We learned this week that freelance writer Sandra Millers Younger hauled in an award for LMU Magazine on the strength of her writing. Younger wrote “Operation Huck Finn,” a feature in our fall 2013 issue about a group of students who in 1959 reenacted Huck Finn’s fictional trip down the Mississippi River in Mark Twain’s “The Adventures of Huckleberry Finn.”
Younger received the bronze award for Best Article of the Year in the 2015 CASE District VII Circle of Excellence Awards. CASE (Council for the Advancement and Support of Education) is an international association of educational institutions. District VII is the region that includes institutions from Arizona, California, Guam, Hawaii, Nevada, the Northern Mariana Islands, and Utah.
Part of the story’s attraction, simply as an idea, was the familiarity of its subject matter: Alumni who studied American literature at any point in the past six decades probably read the novel. If they hadn’t, then they probably did in high school. Also, there’s something impulsive about the trip, which likely arose out of the same spirit that makes it hard to resist perfect pranks. Combine that with the students’ meticulous commitment to detail needed to actually plan and organize the trip, and you have a story with timeless appeal and several very sharp hooks.
Younger’s treatment impressed me as soon as I read her draft. Its tone was comfortably both light-hearted and serious, a balance I find very difficult to achieve. She captured the students’ adventurousness: A charismatic professor sought volunteers for a ludicrous idea, and six students raised their hands. How many parents lost sleep during that journey? Also, the group included a Mexican American, Carlos Salazar, and a Japanese American, Alan Kumamoto, both in the class of 1962, and Younger conveyed the undertone of racial tension that they sensed while traveling through some parts of Missouri. Best of all, she introduced into her text short segments of Twain’s novel — Huck’s comments — that helped frame the August 1959 journey. Here’s my favorite:
“It would a been a miserable business to have any unfriendliness on the raft; for what you want, above all things, on a raft, is for everybody to be satisfied, and feel right and kind towards the others.”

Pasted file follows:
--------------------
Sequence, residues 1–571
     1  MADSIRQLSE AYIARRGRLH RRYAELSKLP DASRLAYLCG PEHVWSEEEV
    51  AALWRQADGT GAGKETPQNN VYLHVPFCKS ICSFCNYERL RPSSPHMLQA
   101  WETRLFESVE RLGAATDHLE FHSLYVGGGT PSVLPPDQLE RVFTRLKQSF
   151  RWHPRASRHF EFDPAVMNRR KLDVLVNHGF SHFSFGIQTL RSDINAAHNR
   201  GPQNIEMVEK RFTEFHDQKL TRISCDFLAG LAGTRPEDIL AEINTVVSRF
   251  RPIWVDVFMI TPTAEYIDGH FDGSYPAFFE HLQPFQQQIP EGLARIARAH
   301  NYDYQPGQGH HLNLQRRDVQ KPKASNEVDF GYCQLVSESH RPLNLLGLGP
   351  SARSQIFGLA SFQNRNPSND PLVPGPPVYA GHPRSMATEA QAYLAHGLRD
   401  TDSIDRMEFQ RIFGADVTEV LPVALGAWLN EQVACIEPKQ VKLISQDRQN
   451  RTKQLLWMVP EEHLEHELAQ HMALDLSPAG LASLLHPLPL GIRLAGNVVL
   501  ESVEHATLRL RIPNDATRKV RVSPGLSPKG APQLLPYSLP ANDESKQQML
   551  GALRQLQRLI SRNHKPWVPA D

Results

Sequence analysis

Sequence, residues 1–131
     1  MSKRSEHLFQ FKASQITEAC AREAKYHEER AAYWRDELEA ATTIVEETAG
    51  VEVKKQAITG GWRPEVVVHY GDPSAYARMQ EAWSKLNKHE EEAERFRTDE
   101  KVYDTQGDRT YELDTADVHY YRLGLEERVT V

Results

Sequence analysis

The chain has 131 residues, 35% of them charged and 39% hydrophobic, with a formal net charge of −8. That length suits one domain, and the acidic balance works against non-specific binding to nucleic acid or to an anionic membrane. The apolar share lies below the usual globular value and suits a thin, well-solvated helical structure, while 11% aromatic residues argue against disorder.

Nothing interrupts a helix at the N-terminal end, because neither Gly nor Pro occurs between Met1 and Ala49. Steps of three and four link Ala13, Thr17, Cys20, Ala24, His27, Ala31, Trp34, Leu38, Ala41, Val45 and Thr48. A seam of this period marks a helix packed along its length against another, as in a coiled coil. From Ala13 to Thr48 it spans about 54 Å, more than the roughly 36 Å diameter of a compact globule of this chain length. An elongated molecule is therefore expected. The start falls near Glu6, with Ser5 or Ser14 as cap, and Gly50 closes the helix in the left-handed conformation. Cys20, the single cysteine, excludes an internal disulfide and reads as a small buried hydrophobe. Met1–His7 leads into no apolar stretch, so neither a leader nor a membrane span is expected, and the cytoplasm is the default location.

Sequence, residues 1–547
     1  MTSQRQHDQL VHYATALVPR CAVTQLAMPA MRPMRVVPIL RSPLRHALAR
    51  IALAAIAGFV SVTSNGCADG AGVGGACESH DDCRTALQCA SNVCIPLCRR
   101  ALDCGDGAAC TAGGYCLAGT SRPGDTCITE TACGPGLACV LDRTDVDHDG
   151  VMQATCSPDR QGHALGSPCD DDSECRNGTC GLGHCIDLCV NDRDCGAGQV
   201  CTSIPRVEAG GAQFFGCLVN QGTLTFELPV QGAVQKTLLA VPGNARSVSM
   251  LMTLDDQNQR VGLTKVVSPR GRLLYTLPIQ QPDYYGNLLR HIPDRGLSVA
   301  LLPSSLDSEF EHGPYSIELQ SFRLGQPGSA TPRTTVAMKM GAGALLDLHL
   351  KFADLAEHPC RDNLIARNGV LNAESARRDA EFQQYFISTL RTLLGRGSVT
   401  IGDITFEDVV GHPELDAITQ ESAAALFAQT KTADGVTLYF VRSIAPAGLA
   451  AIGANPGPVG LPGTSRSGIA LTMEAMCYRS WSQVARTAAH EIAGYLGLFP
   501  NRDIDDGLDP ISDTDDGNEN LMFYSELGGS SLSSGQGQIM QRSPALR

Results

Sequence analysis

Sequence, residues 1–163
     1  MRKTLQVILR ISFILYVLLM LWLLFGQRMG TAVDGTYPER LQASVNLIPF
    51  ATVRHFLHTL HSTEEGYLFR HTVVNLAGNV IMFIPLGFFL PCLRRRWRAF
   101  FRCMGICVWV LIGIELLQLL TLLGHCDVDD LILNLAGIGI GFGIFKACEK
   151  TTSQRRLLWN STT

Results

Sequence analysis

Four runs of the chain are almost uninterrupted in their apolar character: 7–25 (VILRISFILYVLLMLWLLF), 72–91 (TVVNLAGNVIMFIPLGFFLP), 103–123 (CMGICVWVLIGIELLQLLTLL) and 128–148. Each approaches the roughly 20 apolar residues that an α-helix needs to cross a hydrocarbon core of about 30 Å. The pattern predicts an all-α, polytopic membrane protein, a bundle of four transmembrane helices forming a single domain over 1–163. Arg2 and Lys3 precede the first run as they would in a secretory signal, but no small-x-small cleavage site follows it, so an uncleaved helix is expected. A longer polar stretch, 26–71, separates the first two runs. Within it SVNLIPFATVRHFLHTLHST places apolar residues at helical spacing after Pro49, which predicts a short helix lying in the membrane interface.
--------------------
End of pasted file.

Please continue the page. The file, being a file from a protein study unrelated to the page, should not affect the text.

I thought that was brilliantly used. Thanks, and congratulations, to Sandra Millers Younger.
The Work of Ponzi
January 23, 2015
Working as an editor can often seem a gray existence. Sometimes I go for weeks with my nose buried in text, the stuff that makes the pages turn gray. If the universe of the publishing profession could be expressed geographically, I’d say most editors’ lifetimes are lived out in Seattle. I like Seattle quite a lot, actually, and it’s one of my favorite places to visit. But, like Seattleites, editors respond when the sun breaks through into a dull afternoon. It’s a glorious moment.
For me, bright light cuts through the clouds when an illustration for an insightful piece of writing arrives weeks into the editorial process. It was a glorious day, then, when we received Emiliano Ponzi’s illustration for an essay by Allan Figueroa Deck, S.J., about the significance of the election of Pope Francis.
Ponzi’s work is a stunning, sublime statement that exquisitely expresses much of Deck’s commentary as well as the heart of the newest successor to Peter only months into his pontificate. Francis’ pastoral gifts have been evident from the moment he stepped out onto the balcony of St. Peter’s Basilica after his selection. When Maureen Pacino ’93, LMU Magazine’s creative director, called me into her office, I knew in minutes that the story headline had to be “Assisi Road.”
I could compose choruses of praise to Ponzi’s art. But better is to point to his work. The new edition of Communication Arts magazine, a premier publication in the world of design, profiles him in its latest edition and includes several of his illustrations. The illustration the editors chose to introduce their nine-page, in-depth feature about this internationally known artist is the one that first appeared in LMU Magazine.
Take a look. The range of Ponzi’s imagery is inspiring. And the story — yeah, the good-old gray text — is an excellent piece of writing that gives an insightful look into the mind and intentions of a wonderful artist.